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How does lifestyle contribute to stress? Evaluate recent cross-cultural research.

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Introduction

How does lifestyle contribute to stress? Evaluate recent cross-cultural research. Stress is the response to an event, conditions, or an environment that gives 'out-of-the-ordinary' stimulation. It elicits a hormonal response physiologically that is aimed at dealing with the arousing stimulus, the stressor, by directing energy supplies where they are needed. Lifestyle can have a significant contribution to stress because it mediates the types and degree of stressor that a person will encounter. The term lifestyle is difficult to define but is a broad expression for a person's 'way of life' that is affected by diet, occupation, social interaction, family composition, physical activity level, and also the environment where they live and work. Different aspects of a person's lifestyle can expose them to stress such as a 'stressful' job and the relative instability of their situation. As stress is a reaction to unhabituated stimulus a lifestyle that exposes people to changing conditions and uncertainty can contribute to stress. This is seen in modernizing societies like those in Samoa where new urban lifestyles mean people are exposed to different stresses than in traditional rural villages due to changes in diet, occupation and where they live, these features interconnect to compound the stress problem showing that stress is caused by complex interactions not a single stressor. Social interaction can be a way of buffering stress and the effects of this can be seen in the different levels of stress between women in Samoa. ...read more.

Middle

and interact with people outside the household and village therefore their interactions were done in the pursuit of leisure whereas the other women's interactions were confined to the household and work settings which were a source of stress so interactions within those setting were also stressful (Pearson et al, 1993: 55). Social support is also useful for alleviating stress by sharing the problem or finding a solution (McGarvey, 1999:249). Samoans are enculturated to suppress anger and it is a feature of adult social interaction. In a modern area of Samoa anger suppression among women with a low educational background who are exposed to the new economic, social and material lifestyle opportunities in those modernised areas can elevate stress and blood pressure levels. By not expressing negative emotions such as anger psychophysiological arousal is unbuffered and so causes more stress (McGarvey, 1999: 272). In this case it is exposure to another lifestyle that contributes to stress. Another study on Samoa indicates several features of lifestyle conducive to stress. Lifestyle incongruity is the consumption of material goods, to acquire social status, that are not within one's means. This contributes to a psychological burden due to worrying about maintaining an expensive material lifestyle. Among young Samoan men in a peri-urban village those with high levels of lifestyle incongruity had high norepinephrine and epinephrine levels (McGarvey, 1999: 249&269). This show that 'living beyond one's means' is a source of stress. Status inconsistency also contributed to stress, that is where a person has an occupation that does not match their level of education. ...read more.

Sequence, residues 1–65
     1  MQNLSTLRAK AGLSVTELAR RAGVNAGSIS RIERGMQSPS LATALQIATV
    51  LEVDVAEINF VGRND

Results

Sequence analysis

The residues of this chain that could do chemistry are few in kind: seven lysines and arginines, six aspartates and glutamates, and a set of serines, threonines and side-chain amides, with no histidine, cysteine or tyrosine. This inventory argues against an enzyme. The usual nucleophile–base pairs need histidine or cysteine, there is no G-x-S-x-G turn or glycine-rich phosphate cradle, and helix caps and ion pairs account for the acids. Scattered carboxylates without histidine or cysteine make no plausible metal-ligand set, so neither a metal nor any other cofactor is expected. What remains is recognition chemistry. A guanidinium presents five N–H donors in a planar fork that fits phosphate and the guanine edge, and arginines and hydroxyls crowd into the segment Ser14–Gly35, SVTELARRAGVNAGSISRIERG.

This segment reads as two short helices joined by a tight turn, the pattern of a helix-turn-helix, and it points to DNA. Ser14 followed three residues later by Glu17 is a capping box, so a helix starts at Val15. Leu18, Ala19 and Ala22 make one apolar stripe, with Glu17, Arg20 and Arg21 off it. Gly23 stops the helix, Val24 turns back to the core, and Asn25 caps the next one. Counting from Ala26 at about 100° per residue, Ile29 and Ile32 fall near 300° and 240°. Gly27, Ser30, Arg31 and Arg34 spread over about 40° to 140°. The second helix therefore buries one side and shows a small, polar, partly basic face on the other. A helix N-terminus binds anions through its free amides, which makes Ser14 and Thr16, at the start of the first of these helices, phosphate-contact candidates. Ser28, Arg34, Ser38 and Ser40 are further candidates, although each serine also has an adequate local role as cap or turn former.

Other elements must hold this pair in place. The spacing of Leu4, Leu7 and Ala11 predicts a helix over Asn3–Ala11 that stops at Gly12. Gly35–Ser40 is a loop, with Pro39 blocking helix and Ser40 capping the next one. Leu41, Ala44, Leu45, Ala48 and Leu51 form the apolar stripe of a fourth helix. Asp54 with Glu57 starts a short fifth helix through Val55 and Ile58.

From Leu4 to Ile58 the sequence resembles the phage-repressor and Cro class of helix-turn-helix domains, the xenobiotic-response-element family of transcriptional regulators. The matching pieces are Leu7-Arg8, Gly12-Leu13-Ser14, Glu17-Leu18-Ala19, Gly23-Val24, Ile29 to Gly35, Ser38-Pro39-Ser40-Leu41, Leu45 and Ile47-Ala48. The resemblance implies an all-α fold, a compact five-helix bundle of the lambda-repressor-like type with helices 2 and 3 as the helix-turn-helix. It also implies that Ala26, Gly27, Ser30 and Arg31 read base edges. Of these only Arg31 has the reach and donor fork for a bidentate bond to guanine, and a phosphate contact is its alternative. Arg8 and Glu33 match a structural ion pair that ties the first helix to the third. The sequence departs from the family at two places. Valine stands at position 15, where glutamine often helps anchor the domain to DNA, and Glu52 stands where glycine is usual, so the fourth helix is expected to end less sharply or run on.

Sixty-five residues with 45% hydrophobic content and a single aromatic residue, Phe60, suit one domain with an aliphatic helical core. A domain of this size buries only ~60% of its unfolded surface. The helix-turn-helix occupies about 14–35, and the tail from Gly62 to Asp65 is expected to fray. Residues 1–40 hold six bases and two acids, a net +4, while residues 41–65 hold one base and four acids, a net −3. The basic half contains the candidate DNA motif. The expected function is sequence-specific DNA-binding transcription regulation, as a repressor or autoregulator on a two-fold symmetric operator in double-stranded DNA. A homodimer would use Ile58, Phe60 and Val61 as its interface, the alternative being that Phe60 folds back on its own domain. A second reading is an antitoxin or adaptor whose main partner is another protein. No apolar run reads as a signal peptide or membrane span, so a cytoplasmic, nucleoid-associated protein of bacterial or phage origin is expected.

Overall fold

Conclusion

In the children of exiles this produces stress over uncertainty of identity as they are obliged to consider themselves Chilean because of their parents while never having been there (Flores-Borquez, 2000: 218). An exiled lifestyle leads to stress from insecurity about identity and lack of acceptance in the dominant host population. Analysis of catecholamines can objectively measure levels of stress in individuals. Several features of lifestyle such as increased modernisation, lifestyle incongruity, social interaction and family composition can all contribute to the level of stress experienced by a person. In Samoa an urban lifestyle is shown to cause an increase in stress while rural village life is less stressful according to catecholamine levels. Variations in stress levels can be explained by a more traditional home environment among urban labourers which reduces their overnight catecholamine level. Other variations such as that between epinephrine levels in women can be explained by the perception of stimuli as a stressor or not, American Samoan women do not view social interaction as stressful and it therefore acts as a buffer to reduce stress caused by other thing. Among Caribbean children family composition and the child's status within the family have a consequence for increased stress. In Chilean exiles their situation within the host country influences their adoption of an idealised view of their homeland which cause problems for children identifying with the host country and cause identity conflicts. These cross-cultural examples help to show that many features of lifestyle have important consequences for stress and these vary within and between cultures depending on individual and community circumstances. ...read more.

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